Nov. 7, 2019 -- The CH-UH Board of Education approved the first reading of the proposed 7.9 mills March 2020 operating levy language at its November 5 regular meeting. The public readings are the first step in the process of placing an operating levy on the March ballot.
The need for a new operating levy was solidified after the Board reviewed the citizen-led Lay Finance Committee report
, delivered by the committee member Ryan Routh at the November 5 meeting. The report indicates the District faces a clear need for increased operating support in the first half of 2020 in order to avoid cuts to educational programming.
“Our committee has carefully reviewed the financial projections for the CH-UH School District,” said Routh. “We believe that an operating levy of 7.9 mills is the minimum amount needed to sufficiently cover the costs to operate the District. This increased support would have to be approved by voters in March 2020 in order to avoid harmful budget cuts.”
“The state budget that was passed this summer holds CH-UH funding flat, and there is no reason to believe that state funding will increase,” Routh continued. “Furthermore, future cuts are already included in the forecast. The District is projecting that they will be able to find an additional $750,000 in budget cuts each of the next three fiscal years. This will become progressively more difficult.”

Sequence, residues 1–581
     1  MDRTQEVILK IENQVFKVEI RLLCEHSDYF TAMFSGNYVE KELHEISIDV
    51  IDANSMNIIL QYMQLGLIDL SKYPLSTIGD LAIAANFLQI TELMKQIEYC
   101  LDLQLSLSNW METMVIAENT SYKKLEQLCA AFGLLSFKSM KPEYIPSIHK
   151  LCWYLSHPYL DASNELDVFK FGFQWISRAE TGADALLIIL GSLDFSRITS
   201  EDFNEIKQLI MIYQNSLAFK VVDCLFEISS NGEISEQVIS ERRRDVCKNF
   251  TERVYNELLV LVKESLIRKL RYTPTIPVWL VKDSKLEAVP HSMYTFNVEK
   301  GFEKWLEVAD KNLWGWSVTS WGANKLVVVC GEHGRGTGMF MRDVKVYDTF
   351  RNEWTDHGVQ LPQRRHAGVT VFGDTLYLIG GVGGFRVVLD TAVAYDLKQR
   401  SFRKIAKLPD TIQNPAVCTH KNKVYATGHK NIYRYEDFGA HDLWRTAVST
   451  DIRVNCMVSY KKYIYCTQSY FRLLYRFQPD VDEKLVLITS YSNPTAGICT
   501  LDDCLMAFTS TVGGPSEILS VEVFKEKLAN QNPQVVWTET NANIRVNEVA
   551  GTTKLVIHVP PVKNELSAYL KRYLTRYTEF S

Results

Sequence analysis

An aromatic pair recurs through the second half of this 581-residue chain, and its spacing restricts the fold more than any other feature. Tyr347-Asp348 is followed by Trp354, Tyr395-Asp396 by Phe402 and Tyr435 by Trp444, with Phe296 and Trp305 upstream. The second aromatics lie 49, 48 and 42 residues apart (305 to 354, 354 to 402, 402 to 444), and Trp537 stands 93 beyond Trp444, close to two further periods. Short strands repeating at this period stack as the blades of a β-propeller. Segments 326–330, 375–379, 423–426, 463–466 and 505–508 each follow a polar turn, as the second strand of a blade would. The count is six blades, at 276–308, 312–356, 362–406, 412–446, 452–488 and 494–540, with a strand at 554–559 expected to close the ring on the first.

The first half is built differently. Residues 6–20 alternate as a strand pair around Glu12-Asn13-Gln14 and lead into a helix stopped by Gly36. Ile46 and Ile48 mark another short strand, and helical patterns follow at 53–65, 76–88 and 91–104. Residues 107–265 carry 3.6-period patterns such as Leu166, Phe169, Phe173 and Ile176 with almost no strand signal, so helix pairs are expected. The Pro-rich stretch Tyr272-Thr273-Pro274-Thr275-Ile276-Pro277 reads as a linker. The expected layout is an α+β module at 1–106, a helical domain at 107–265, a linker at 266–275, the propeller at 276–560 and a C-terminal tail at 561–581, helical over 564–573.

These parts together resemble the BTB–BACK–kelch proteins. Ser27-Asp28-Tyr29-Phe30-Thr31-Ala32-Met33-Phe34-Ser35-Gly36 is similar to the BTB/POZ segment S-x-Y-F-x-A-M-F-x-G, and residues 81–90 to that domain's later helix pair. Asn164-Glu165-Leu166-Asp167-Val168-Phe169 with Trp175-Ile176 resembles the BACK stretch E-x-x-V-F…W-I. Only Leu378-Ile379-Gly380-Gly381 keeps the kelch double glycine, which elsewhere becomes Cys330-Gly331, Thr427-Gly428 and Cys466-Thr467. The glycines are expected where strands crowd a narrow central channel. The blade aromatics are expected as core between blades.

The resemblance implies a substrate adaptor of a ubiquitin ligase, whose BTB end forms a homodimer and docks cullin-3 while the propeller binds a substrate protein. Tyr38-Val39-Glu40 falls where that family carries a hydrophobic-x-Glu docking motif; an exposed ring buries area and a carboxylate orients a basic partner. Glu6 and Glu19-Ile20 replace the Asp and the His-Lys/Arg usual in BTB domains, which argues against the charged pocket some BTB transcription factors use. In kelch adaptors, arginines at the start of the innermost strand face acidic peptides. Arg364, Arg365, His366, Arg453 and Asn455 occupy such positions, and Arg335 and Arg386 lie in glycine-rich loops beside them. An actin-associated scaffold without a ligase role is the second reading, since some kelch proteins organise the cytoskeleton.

“It’s clear that the time to place a levy on the ballot has come,” said Jodi Sourini, CH-UH Board of Education President. “The Board and Administration have placed great importance on reducing costs and using taxpayer dollars wisely, without compromising classroom instruction. But we are at the point where any more significant cuts to personnel and services, like those that would be necessary without a levy, would drastically reduce the quality of our children’s education. We cannot let that happen.”
Like every school district in Ohio, the CH-UH City School District must periodically ask residents for increased operating support to pay for educational necessities, from teachers to programming. While the District is always finding ways to economize, cut costs, and accomplish their mission with less, the funding they receive from residents is prohibited by state law from rising with inflation and the usual increases in costs that we all face. Through responsible fiscal management, the District has stretched finances to make the last operating levy last for four years – a year longer than anticipated.
A second public reading will take place at the Board’s next regular meeting on December 9 at 7 p.m. at the Board of Education. Community members should direct their comments and concerns to Ms. Sourini at firstname.lastname@example.org
prior to that date.